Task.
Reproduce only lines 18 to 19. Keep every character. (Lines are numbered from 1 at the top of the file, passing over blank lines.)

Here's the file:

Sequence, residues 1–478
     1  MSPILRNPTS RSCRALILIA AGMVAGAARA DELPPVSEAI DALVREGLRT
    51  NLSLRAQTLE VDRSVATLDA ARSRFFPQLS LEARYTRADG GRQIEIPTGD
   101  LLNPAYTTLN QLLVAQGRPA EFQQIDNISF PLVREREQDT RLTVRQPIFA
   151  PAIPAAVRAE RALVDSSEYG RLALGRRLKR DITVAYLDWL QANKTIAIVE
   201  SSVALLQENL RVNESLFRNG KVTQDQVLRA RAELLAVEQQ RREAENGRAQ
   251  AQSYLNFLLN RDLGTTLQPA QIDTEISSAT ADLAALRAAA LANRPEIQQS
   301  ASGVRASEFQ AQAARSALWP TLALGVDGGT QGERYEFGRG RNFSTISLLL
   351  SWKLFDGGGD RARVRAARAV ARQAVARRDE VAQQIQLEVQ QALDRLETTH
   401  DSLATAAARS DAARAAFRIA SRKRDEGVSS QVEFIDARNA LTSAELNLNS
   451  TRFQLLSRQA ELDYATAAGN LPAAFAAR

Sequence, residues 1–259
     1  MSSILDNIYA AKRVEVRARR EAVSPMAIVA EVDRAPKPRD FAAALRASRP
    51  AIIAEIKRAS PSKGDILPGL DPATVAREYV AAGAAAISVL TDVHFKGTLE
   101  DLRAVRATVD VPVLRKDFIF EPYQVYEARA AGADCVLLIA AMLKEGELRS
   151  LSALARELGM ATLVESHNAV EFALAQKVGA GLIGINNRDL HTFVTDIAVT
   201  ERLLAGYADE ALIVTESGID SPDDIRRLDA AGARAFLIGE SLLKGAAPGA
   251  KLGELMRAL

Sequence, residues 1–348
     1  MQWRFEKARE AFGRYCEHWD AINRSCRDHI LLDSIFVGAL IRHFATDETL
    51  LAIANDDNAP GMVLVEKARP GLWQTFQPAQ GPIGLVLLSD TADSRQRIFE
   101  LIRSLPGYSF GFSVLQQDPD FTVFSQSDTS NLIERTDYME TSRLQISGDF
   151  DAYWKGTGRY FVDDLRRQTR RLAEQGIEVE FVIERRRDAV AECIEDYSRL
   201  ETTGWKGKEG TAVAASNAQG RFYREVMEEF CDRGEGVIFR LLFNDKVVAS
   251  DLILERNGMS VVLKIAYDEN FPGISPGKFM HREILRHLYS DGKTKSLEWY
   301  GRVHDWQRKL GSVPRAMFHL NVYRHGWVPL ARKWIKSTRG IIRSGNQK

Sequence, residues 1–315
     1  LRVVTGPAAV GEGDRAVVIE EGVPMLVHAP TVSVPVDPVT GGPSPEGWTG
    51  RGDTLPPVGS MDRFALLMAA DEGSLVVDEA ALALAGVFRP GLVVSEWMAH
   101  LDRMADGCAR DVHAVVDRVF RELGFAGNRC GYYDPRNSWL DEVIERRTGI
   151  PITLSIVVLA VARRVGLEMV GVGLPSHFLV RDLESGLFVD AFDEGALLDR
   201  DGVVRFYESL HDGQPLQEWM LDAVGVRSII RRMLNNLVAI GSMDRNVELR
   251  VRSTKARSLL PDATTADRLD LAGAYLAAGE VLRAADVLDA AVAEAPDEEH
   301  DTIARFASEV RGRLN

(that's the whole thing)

   251  KLGELMRAL

Sequence, residues 1–348